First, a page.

“I’m going to Kansas City. Kansas City here I come. They got some pretty little women there, and I’m going to get me one!” That’s a verse from the hit song called “Kansas City,” originally sung by Wilbert Harrison in 1959. The song has been re-made over 300 times by various artists and has been blaring all week in and around the heart of America, the birthplace of the Negro Baseball League, Kansas City, Missouri.
Kansas City was the site of the 83rd Major League Baseball All-Star game on Tuesday evening, as the nation witnessed the National League shut out the American League 8-0. Kauffman Stadium, home of the Kansas City Royals, was on display for the entire world to see. The last time that the world witnessed a shut out in a MLB All-Star game was in 1996 at Veterans Stadium in Philadelphia, where the National league again beat the American League, but this time by a score of 6-0. Tuesday nights’ victory was the third consecutive All-Star victory for the National League.
18th street and Vine, the ground zero of the Negro Baseball League, is where the Paseo YMCA is located. It was originally opened in 1914, and is associated with names such as Satchel Paige, Jackie Robinson, and the famous John “Buck” O’Neil. But, more than just the Negro League portion of American baseball history was acknowledged on Tuesday night, but all of the baseball ménage was acknowledged. For instance, fans witnessed some of major league baseball’s greatest players closing out the end of their careers, as well as witness the future of baseball in the embryonic stages of their careers. Some of those participants at the end of their careers were National League manager and three-time World Series Champion (as a manager), Tony Larussa, eight-time All-Star and World Series Champion, Chipper Jones, and thirteen-time All-Star and Hall of Famer, George Brett to name a few. The future of the MLB includes some youngsters such as Los Angeles Angels’ Mike Trout, the Washington Nationals’ Bryce Harper, the Chicago Cubs’ Starlin Castro, and the Texas Rangers’ Elvis Andrus. While George Brett was wearing his huge 1985 World Series ring and schooling the youngsters in between innings, Chipper Jones was poised for retirement, and taking in all of the sights and sounds of the final season of his illustrious 19 year career. For Brett, he was merely serving as the ambassador of the city in which he had played for 20 years, and spearheaded the city’s only major league championship back in 1985.
A couple of nights prior to the game, the MLB had a “Legends & Celebrity” softball game in which the Kansas City Chiefs starting quarterback, Matt Cassel, threw out the first pitch, and the crowd booed Cassel every time the announcer mentioned his name. On Tuesday, the exact same scene was duplicated for Yankees outfielder, Robinson Cano, who was also booed constantly because he rejected the selection of the Royals designated hitter, Billy Butler, as a member of the American League home run derby team. Nonetheless, the city played an excellent host to the fans, who are generally polite to most people, regardless of the fact that the American League was awarded a goose egg.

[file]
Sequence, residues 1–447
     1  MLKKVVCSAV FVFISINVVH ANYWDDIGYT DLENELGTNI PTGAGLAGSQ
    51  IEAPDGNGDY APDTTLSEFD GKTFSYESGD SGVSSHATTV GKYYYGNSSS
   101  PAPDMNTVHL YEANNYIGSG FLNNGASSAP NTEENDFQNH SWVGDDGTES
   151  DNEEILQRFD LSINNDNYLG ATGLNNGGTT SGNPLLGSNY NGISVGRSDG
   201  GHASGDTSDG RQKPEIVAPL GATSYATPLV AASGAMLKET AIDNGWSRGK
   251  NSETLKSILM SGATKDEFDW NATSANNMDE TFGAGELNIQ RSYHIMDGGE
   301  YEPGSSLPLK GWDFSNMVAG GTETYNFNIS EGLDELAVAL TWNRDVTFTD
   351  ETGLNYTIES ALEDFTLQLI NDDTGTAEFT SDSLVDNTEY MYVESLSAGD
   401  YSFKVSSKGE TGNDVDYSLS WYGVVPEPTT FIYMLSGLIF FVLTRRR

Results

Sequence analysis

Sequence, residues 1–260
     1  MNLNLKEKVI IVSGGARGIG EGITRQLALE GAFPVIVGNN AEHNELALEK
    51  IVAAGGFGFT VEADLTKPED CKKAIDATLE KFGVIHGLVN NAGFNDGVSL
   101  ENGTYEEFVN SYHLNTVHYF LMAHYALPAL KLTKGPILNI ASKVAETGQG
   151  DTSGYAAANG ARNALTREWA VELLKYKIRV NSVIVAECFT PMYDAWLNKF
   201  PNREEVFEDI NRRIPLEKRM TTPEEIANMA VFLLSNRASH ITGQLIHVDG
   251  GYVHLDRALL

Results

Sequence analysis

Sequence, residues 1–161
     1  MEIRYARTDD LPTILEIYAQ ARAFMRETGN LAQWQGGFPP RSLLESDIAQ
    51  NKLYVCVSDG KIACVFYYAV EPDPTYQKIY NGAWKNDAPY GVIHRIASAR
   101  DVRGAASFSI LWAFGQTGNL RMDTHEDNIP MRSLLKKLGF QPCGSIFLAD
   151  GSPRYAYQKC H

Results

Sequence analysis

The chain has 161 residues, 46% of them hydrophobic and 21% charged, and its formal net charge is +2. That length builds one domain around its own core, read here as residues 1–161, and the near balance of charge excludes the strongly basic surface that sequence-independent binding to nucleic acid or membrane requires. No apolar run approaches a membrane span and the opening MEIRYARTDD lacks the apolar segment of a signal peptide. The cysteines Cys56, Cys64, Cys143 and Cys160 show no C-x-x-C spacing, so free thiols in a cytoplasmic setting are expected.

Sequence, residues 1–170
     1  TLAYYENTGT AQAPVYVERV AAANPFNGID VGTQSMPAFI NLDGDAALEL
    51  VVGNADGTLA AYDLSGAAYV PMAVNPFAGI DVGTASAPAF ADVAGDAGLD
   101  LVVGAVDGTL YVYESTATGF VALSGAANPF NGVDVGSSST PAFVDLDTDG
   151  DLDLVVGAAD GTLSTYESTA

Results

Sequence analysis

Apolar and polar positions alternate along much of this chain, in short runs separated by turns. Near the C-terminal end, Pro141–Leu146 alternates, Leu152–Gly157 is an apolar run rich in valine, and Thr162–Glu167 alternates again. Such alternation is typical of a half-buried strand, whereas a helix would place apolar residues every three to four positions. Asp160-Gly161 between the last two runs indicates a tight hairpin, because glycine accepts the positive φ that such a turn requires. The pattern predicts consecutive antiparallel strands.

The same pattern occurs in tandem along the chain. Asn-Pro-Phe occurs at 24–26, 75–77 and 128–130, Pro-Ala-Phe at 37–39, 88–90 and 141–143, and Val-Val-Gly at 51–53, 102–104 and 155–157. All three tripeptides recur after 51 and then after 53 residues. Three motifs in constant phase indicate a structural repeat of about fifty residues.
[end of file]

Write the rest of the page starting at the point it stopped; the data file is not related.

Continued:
While we still have two weeks to go before training camps around the league officially open, and MLB’s All-Star game was being played, the aroma around Kansas City still had a football smell to it. With two weeks to go, and still no Bowe. The Chiefs star wide receiver, Dwayne Bowe, still hasn’t signed a contract yet; however the team still has until July 16th to convince the former LSU standout to sign a long-term deal. If that doesn’t happen then Bowe will have to play the 2012 season for his $9.6 million tender. The Chiefs are still $16.5 million under the salary cap, so money is not an obstruction for the team to get Bowe to sign a deal. Despite this situation’s abstruseness, Chiefs’ fans still eagerly anticipate a resolution.
Accompanying the mysticism surrounding Bowe’s contract negotiations, there was some quaint chatter that occurred last week on the social media network, Twitter. It began when a Miami Dolphins’ defensive back named, Vontae Davis, tweeted, “@ochocinco we gotta fly to KC to get @dwaynebowe82 he said he wanna bring his talents to South Beach.” Davis, who again tweeted hours later, “@dwaynebowe82 come to Miami @ochocinco just called me and said he will fly up to help you pack.”
Then, surprisingly, Dwayne Bowe tweeted back, “#omw,” which supposedly means “on my way.” Although these tweets have since been deleted, they were available long enough for them to cause quite a stir inside of Chiefs Nation.
These tweets and a cacophony of other sounds from around the AFC West division have made lots of noise in recent weeks. Beginning with the former Oakland Raider, Anthony Wayne Smith, who has recently been charged with four different murders in California. The next noise sounded came from the San Diego Chargers, who solicited Chiefs fans in the Bronx, New York to purchase tickets for their November 1st match-up at home.
The Chiefs training camp will open on July 27th and run through August 16th at Missouri Western State University in St. Joseph, Missouri.
From August 6th to August 9th the Chiefs will practice against the Arizona Cardinals, who they will face off against in their first preseason game on August 10th at Arrowhead Stadium.